A concealed handgun permit does not allow a permittee to carry a weapon in these
areas. N.C. Gen. Stat. § 14-415.11(c)

6. Going Armed To The Terror Of The People

By common law in North Carolina, it is unlawful for a person to arm


himself/herself with any unusual and dangerous weapon, for the purpose of
terrifying others, and go about on public highways in a manner to cause terror to
others. The N.C. Supreme Court states that any gun is an unusual and dangerous
weapon for purposes of this offense. Therefore, persons are cautioned as to the areas
they frequent with firearms.

7. Storage of Firearms

Any individual who resides with a minor, who owns or possesses a firearm, and
stores or leaves that firearm in a condition that the firearm can be discharged, and
in a manner that the individual knew, or should have known, that an unsupervised
minor would be able to gain access to the firearm, is guilty of a misdemeanor if such
minor gains access to the firearm without the lawful permission of the minor's
parents or a person having charge of the minor, and the minor in turn possesses that
weapon unlawfully on any campus or educational property in North Carolina;
exhibits the weapon in a public place in a careless, angry, or threatening manner;
causes personal injury or death with the weapon not in self defense; or uses the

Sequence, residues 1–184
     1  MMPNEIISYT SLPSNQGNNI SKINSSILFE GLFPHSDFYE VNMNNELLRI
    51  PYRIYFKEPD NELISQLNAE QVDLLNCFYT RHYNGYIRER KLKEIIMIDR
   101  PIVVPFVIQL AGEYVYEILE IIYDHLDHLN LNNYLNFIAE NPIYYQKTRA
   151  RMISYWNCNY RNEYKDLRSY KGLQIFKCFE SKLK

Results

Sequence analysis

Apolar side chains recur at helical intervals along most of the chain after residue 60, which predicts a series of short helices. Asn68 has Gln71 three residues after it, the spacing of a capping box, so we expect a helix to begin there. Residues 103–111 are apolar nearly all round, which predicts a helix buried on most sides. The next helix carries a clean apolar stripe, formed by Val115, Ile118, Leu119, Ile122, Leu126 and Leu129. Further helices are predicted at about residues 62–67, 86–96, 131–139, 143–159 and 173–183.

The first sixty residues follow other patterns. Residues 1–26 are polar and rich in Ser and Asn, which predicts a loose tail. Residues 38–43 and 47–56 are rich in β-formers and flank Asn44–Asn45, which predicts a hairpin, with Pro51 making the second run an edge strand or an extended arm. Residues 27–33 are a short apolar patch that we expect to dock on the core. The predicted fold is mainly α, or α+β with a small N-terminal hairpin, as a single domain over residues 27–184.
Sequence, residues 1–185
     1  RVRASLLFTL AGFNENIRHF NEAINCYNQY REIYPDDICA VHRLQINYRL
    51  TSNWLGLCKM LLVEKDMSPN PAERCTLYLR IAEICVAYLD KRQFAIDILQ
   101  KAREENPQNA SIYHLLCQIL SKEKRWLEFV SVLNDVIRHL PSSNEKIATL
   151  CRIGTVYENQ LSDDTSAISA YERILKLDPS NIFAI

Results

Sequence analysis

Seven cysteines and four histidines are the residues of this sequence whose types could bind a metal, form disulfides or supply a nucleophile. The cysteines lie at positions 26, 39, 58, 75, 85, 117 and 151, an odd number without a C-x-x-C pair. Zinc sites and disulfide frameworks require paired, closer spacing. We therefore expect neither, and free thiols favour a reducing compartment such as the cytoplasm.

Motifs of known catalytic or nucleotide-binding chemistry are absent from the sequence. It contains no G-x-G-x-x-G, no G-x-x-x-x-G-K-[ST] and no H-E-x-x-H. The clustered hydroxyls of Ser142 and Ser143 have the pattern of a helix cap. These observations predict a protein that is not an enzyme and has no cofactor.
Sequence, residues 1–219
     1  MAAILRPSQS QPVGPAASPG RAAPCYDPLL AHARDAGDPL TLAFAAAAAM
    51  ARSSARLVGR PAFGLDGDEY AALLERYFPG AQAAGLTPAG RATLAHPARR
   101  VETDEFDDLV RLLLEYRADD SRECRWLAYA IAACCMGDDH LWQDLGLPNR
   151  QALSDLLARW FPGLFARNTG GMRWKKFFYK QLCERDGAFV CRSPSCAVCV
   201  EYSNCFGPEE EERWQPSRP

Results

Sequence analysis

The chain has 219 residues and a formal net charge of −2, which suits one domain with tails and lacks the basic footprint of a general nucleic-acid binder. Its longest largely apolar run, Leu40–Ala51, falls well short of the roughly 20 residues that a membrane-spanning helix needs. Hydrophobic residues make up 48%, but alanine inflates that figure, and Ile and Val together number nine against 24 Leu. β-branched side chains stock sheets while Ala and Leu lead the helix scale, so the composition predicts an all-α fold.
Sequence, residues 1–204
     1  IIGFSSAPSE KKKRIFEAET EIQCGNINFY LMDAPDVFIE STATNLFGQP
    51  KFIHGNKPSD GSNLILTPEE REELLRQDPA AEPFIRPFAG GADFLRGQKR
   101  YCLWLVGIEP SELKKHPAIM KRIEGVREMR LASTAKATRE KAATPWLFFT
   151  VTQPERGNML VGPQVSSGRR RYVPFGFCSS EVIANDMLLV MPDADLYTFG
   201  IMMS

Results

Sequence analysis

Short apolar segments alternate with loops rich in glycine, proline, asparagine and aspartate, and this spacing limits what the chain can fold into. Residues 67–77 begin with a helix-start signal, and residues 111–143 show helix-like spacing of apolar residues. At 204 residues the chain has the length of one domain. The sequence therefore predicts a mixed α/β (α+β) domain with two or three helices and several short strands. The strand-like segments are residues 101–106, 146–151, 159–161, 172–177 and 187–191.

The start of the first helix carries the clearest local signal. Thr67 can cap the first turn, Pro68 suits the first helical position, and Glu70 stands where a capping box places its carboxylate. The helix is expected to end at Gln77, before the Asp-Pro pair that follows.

weapon in the commission of a crime. A minor is defined in this law as anyone
under the age of 18 who is not emancipated.

24
This law goes on to provide that it shall not prohibit an individual from carrying
a firearm on his or her body, or placed in such close proximity that it can be used as
easily and quickly as if carried on the body. This provision of the law should not be
interpreted however, to modify the previously recited law on carrying concealed
weapons in North Carolina. Additionally, this law does not apply if the minor
obtained the weapon as a result of an unlawful entry by an individual.

A written copy of this firearms storage law, found in N.C.G.S. § 14-315.1, is


required to be delivered by the transferor in any retail commercial sale or transfer of
a firearm to the purchaser, or transferee of such weapon. All such transferors
should take appropriate steps to have a verbatim copy of this law available at the
time of any transfer of a weapon. N.C. Gen. Stat. § 14-315.2